I enjoyed making this one very much. I used some quite earthy colours that are unusual for me. The line and pattern added a lot of interest, though I did wonder if I’d covered up too much of the underlying watercolours.

Looking at this with fresh eyes today, I think it shows through just fine. I want to try using metallic paints that are complementary to the main colours in the watercolour to see how that works out.

Panel 3

This is the one at the middle top. I created ovals of watercolour, again using unusually muted, earthy tones.

Once they’d dried I used some Caran D’Ache Luminance coloured pencils, well sharpened, to add patterns to each oval. I used the variation in colour/tone to help me add the patterns, as well as to choose the colours of pencils I used on each oval.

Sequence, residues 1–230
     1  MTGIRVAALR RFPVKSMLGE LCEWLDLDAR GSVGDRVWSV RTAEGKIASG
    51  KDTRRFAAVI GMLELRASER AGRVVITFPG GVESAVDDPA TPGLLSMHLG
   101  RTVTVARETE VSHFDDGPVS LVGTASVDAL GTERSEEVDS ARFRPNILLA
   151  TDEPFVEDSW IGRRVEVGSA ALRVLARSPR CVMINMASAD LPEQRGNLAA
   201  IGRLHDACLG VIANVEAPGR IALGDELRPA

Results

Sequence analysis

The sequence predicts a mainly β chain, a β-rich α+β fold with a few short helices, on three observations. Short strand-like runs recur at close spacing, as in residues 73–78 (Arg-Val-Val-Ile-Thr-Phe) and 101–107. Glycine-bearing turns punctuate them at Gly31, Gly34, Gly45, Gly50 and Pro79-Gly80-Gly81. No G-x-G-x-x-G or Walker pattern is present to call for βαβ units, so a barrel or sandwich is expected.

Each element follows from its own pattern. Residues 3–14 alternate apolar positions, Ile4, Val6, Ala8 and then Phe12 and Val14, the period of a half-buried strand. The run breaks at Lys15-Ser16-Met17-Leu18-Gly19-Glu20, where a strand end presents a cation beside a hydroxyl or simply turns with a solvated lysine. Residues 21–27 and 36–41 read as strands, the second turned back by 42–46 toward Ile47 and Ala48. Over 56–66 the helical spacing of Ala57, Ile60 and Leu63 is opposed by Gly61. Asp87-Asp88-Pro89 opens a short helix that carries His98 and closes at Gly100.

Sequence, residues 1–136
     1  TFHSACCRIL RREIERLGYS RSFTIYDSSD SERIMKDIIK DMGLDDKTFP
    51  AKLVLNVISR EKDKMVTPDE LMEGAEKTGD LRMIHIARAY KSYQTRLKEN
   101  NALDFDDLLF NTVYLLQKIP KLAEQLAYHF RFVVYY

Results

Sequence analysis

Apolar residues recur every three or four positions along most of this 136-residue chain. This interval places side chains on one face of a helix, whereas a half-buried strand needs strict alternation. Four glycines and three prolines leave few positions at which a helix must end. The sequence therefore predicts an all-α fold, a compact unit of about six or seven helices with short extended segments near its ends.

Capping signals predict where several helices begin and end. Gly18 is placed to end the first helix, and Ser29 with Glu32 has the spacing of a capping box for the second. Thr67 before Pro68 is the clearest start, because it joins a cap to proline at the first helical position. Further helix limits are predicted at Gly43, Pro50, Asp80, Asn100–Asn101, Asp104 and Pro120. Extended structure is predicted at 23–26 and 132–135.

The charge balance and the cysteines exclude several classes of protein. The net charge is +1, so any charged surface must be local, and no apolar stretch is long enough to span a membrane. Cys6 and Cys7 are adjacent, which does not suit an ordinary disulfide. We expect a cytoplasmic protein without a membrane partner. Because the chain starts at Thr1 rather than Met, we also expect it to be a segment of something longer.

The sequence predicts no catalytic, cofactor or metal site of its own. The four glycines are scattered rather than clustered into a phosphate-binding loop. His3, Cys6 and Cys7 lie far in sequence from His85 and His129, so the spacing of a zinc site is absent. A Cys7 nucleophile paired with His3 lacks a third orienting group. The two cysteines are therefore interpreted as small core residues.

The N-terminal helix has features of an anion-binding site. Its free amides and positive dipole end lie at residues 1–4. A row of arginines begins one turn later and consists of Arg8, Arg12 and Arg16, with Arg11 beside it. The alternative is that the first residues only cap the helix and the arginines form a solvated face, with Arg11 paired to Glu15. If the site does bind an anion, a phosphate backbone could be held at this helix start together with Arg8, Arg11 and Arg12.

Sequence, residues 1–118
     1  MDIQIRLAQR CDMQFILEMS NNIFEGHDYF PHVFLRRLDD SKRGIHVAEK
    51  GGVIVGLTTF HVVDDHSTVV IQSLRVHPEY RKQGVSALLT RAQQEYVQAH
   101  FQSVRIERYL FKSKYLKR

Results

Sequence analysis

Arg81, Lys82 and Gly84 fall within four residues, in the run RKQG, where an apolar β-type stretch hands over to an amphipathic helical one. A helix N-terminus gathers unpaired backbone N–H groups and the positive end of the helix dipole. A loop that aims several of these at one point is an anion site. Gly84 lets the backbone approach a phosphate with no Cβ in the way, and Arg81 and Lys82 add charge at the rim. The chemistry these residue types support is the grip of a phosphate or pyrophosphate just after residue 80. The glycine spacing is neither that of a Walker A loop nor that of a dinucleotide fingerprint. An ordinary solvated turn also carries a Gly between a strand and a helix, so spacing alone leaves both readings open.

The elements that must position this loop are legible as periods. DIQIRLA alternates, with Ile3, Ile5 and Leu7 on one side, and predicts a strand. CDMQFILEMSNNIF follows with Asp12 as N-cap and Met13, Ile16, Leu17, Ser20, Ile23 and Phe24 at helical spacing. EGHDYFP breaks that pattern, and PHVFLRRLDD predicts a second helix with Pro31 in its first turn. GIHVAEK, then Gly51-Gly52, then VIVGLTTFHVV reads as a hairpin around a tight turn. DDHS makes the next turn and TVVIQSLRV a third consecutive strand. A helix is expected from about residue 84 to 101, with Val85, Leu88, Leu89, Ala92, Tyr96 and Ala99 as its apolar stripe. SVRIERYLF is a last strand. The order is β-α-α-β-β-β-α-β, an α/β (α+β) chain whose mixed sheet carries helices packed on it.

Finally, I used a yellow-green metallic/iridescent watercolour paint to fill in some of the patterned areas.

I enjoyed making this panel too. Again, I thought when I finished it that the pencil lines were a bit thick. However, after a night’s sleep and with fresh eyes I can see that it’s worked out well. I think that using coloured fineliner pens may work out better than coloured pencils – something I’ll try another time.

Panel 4

The last panel I created yesterday was the fourth panel. I used a different kind of watercolour paper, by Tim Holtz. The paint just dried so quickly on it I couldn’t really drop colours in, though the paints would re-wet and I could blend colours that way. I didn’t really enjoy using this paper.